Sunday, May 30, 2010

c)i @ ICAD in Washington, DC | 12 June, 2010

c)i has been invited to perform a concert at the 2010 conference of the International Community of Auditory Display,  at the Jack Morton Auditorium on the George Washington University campus on the 12th of June. The main portion of the conference will run from June 11-15.

ICAD is a forum for presenting research on the use of sound to display data, monitor systems, and provide enhanced user interfaces for computers and virtual reality systems. It is unique in its singular focus on auditory displays and the array of perception, technology, and application areas that this encompasses. In keeping with its theme Sonic Discourse—Expression through Sound, the conference will feature a relaxed day of demonstrations and poster presentations, and an evening concert of sonifications and compositions written expressly for the conference.

Tuesday, May 11, 2010

On my new piece "Present" for the 5/16 and 5/21 shows

Sometimes the starting point of a piece is a particular sound-texture or a melody; sometimes it’s a story. Sometimes it’s a poem or a picture. Sometimes it is a case of finding the right metaphor for something (a feeling? an idea?) that escapes direct analysis. For this piece I first felt a sense of movement, free movement, movement impeded by obstacles, movement that travels long distances, and movement that stands in place. I had the idea that the music from the piano behaved like a liquid. At the beginning of the piece it is sloshing around in there, from one end of the keyboard to the other, very turbulent. So turbulent that sometimes some of this music would splash out of the piano onto the violinist, whose music would be colored or diluted by the piano. The strings become soaked with this music, and the piano’s leftover liquid becomes more and more viscous, clotting up into funky rhythms and chords. The strings have two identities, they can be “stringy”-those piano notes are expressed as long, drippy glissandos- or they can be brittle, with very short, sharp digs into the string making more noise than tone. (Only later did I realize that these properties are shared exactly by Laffy Taffy. Sorry.) And the winds? The flute behaves like a flame, playful and agile, producing a lot of heat and light. The clarinet is earth. Most of the time it is just damply observing. But under the right circumstances it turns dry, abrasive, gets into everywhere it shouldn’t. Maybe this is all a bit too surreal: what I have are different chords, textures, melodic fragments. The instruments each have their own ways of expressing these materials, their own dialects, perhaps. Experimenting with different combinations of material, in different combinations of instruments, is my (and the piece’s) motivation.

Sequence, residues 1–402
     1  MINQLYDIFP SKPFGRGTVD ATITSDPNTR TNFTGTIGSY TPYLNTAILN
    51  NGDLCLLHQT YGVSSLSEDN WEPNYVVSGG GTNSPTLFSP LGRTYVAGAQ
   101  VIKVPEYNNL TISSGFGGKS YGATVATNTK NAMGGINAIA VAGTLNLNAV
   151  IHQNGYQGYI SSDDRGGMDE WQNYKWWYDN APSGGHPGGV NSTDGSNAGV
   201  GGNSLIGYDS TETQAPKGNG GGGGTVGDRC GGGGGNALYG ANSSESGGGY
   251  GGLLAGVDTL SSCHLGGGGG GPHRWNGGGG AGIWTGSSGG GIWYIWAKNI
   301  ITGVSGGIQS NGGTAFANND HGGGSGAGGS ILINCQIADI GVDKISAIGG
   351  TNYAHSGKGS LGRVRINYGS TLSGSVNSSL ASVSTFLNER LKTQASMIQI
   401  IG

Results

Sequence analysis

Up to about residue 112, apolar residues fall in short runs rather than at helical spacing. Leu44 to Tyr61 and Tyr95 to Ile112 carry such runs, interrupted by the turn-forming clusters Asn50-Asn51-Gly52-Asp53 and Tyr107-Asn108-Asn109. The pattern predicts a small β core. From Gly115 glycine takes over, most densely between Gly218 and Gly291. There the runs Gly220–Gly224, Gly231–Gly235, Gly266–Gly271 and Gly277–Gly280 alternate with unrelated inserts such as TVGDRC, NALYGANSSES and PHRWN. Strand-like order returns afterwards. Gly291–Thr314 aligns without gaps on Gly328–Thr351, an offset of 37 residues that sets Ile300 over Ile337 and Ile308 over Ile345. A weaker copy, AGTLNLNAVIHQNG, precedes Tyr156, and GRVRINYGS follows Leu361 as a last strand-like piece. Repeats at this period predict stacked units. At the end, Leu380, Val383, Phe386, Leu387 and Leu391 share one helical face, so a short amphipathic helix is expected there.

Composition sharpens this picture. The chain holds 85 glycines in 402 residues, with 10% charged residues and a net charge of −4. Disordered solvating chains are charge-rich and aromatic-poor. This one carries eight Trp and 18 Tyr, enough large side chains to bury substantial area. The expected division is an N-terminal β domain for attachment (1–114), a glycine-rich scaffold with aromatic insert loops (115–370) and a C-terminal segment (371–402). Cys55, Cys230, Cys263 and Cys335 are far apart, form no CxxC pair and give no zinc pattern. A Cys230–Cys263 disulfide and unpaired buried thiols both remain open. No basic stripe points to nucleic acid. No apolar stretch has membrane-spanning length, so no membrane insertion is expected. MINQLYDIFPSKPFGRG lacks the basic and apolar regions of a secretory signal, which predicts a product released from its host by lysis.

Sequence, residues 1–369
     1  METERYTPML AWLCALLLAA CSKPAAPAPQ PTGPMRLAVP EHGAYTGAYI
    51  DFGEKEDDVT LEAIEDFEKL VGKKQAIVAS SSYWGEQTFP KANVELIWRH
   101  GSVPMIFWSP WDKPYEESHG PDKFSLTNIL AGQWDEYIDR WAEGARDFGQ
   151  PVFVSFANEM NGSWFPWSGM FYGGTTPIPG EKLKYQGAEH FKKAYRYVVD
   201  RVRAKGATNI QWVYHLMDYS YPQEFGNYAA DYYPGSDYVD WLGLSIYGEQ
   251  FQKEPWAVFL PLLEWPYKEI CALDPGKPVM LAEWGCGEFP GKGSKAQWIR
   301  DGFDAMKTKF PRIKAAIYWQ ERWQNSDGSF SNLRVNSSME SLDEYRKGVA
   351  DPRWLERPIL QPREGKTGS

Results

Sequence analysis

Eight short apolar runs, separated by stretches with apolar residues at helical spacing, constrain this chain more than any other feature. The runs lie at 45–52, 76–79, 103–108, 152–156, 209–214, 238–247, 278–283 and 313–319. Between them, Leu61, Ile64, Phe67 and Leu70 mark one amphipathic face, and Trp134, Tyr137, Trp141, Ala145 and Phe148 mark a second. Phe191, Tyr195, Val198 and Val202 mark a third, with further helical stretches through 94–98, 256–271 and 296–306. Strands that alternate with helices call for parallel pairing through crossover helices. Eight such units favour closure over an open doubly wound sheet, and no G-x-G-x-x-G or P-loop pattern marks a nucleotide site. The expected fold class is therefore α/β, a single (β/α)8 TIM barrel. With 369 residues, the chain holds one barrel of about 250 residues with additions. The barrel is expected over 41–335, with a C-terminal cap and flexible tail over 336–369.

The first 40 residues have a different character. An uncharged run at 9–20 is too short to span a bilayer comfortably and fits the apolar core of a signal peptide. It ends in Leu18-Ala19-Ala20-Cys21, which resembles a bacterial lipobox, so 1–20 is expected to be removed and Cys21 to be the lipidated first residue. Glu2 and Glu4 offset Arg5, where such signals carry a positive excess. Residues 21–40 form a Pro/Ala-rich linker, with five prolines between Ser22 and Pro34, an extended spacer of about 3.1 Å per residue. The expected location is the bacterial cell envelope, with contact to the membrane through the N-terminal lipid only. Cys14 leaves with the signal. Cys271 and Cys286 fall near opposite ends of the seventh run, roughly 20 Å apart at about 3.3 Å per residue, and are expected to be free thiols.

Even with a clear starting point, the final product can be surprising. I don’t like to plan everything out beforehand. When my intentions become too ossified, I tend to lose interest, like knowing the end of a suspenseful movie. Instead I compose outward, and let myself be drawn toward what is necessary. Last fall when I was asked what would be the title of this work, for the press materials, I replied, “How to disappear is how to appear completely.” It was the fall, and I was completely submerged in the emotional and compositional challenges of The Lost Child, the most complex and deep-driving work of my career. Perhaps I was subconsciously thinking of making a quick getaway. But as the spring arrived, with the success of The Lost Child, getting back with old friends, making new ones, deepening emotional connections and feeling more power and more purpose, this music had to be renamed. The piece is lively and rhythmic, with bright, astringent harmonies and showy demonstrations of virtuosity. Cheerful, even! I chose the title “Present,” which refers first to “being present,” a wonderful sense of being alive in the world, being alert and immersed in activity; and second, “present” as a gift, a gratitude for that feeling and for the musicians who so beautifully render my work.

(the foundation of this article comes from a blog entry generously commissioned by the Philadelphia Music Project e-zine: )

Sunday, May 9, 2010

New Old thoughts on "The General Schemed"

At two upcoming c)i concerts, my work The General Schemed will be performed– it is always a happy thing to return to past works, especially with players like these. The work was premiered by counter)induction on 13 June, 2008 in New York NY; it is always interesting to return to a piece after some time, in that interval between performances provides perspective on the successes and failures of a work and on the technical compositional devices employed, but more interestingly for me at least the shift in context of presentation will reveal new aspects and implications of the work, opening new dialogues with other works and practices.